Microarray technology makes it possible to examine the expression levels of thousands of genes at once. So one way to do cancer research is to run microarray analyses on cancer and normal tissue samples, hoping to discover genes that are more highly expressed in one or the other. If, for example, a few genes are highly expressed in cancer samples, the proteins these genes code for may be targets for new therapies.

For numerous reasons, cancer research is more complicated than simply running millions of microarray experiments and looking for differences. One complication is that false positives are very likely.

A previous post gives a formula for the probability of a reported result being true. The most important term in that formula is the prior odds R that a hypothesis in a certain context is correct. John Ioannidis gives a hypothetical but realistic example in the paper mentioned earlier (*). In his example, he supposes that 100,000 gene polymorphisms are being tested for association with schizophrenia. If 10 polymorphisms truly are associated with schizophrenia, the pre-study probability that a given gene is associated is 0.0001. If a study has 60% power (β = 0.4) and significance level α = 0.05, the post-study probability that a polymorphism determined to be associated really is associated is 0.0012. That is, a gene reported to be associated with schizophrenia is 12 times more likely to actually be associated with the disease than a gene chosen at random. However, the bad news is that 12 times 0.0001 is only 0.0012. There’s a 99.8% chance that the result is false.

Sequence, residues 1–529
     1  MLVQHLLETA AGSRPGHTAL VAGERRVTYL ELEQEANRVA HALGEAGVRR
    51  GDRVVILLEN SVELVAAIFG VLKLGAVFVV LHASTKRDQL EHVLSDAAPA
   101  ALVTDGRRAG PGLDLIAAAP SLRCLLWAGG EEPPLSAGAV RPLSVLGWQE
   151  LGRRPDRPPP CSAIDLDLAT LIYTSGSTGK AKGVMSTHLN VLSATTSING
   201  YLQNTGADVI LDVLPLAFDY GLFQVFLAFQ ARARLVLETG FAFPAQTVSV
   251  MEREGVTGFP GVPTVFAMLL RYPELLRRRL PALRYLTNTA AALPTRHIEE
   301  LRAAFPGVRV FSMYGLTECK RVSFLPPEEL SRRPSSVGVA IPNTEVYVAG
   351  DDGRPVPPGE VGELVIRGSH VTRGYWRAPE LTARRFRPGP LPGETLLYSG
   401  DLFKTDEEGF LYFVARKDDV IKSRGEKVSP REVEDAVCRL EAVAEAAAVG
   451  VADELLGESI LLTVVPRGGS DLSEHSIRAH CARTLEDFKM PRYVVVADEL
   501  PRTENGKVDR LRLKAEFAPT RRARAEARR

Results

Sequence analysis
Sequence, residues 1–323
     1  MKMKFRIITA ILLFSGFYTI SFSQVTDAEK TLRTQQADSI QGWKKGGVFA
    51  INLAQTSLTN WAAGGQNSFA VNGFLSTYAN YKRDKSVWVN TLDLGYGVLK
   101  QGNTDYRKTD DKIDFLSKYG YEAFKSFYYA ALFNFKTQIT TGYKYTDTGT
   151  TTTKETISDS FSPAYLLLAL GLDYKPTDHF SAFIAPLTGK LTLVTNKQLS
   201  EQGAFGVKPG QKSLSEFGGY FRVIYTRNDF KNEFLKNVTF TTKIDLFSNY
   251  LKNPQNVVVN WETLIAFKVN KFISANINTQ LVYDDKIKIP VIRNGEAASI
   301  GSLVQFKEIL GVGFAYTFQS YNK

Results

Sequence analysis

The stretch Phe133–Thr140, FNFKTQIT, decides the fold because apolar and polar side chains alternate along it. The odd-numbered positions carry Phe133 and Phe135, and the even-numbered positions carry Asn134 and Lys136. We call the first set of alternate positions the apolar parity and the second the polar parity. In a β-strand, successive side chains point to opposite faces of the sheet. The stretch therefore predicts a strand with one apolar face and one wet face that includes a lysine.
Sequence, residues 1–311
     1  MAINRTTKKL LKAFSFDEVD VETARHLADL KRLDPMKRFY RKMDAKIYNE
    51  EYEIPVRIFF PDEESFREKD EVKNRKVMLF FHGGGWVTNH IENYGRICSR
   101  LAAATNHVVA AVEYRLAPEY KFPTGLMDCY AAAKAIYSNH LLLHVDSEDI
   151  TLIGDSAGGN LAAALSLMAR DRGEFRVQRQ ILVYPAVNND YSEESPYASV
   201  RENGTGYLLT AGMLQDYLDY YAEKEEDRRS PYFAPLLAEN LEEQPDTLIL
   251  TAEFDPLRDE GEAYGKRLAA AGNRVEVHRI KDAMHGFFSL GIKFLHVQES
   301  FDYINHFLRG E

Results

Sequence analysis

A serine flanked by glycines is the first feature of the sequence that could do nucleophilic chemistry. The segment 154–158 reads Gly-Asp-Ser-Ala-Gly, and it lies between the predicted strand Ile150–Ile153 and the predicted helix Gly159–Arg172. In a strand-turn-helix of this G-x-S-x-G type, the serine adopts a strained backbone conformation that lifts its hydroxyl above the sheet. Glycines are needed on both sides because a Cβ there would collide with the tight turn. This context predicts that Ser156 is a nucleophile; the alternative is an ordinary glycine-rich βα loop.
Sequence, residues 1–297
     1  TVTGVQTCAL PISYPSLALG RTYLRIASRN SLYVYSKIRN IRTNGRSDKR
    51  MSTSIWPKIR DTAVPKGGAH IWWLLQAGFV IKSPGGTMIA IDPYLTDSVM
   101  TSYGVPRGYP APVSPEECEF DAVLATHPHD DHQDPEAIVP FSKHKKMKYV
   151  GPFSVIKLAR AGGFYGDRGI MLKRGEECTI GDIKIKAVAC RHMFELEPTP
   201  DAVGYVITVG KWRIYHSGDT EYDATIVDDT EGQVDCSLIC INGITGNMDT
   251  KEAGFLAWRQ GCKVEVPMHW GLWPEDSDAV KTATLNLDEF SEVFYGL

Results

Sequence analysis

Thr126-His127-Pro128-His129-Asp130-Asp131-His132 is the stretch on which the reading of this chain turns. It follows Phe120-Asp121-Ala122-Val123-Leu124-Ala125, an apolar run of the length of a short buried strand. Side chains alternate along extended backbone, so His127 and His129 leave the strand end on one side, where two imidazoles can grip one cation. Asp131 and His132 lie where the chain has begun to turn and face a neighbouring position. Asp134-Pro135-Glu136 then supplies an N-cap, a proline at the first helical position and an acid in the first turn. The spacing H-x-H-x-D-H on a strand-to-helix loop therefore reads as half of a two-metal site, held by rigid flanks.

The example above is extreme, but it shows that a completely brute-force approach isn’t going to get you very far. Nobody actually believes that 100,000 polymorphisms are equally likely to be associated with any disease. Biological information makes it possible to narrow down the list of things to test, increasing the value of R. Suppose it were possible to narrow the list down to 1,000 polymorphisms to test, but a couple important genes were left out, leaving 8. Then R increases to 0.008. Now the probability of a reported association being correct increases to 0.088. This is a great improvement, though reported results are still have more than a 90% chance of being wrong.

(*) John P. A. Ioannidis, Why most published research findings are false. CHANCE volume 18, number 4, 2005.

i’m new at this, but isnt this sort of problem the thing that false discovery rate adjusted p values (q values) is supposed to account for?

You might also want to look at Wacholder, et al’s False Positive Report Probability (FPRP) (J Natl Cancer Inst, 2004 Mar 17;96(6):434-42), which is an attempt to directly address some of the issues you raise in a quasi-Bayesian framework.

Why wouldn’t repeat runs, with some mod of sampling and procedure, weed out false positives?

The advantage of microarrays is that they’re cheap. If you do enough independent runs to make quality inferences, they’re no longer cheap.

I know this is a rather old blog entry, but since the paper by Wacholder has been cited by Abhijit, I wanted also to cite this strong criticism to Wacholder’s paper: Lucke JF, A critique of the false-positive report probability, Genet Epidemiol. 2009 Feb;33(2):145-50. (http://www.ncbi.nlm.nih.gov/pubmed/18720477).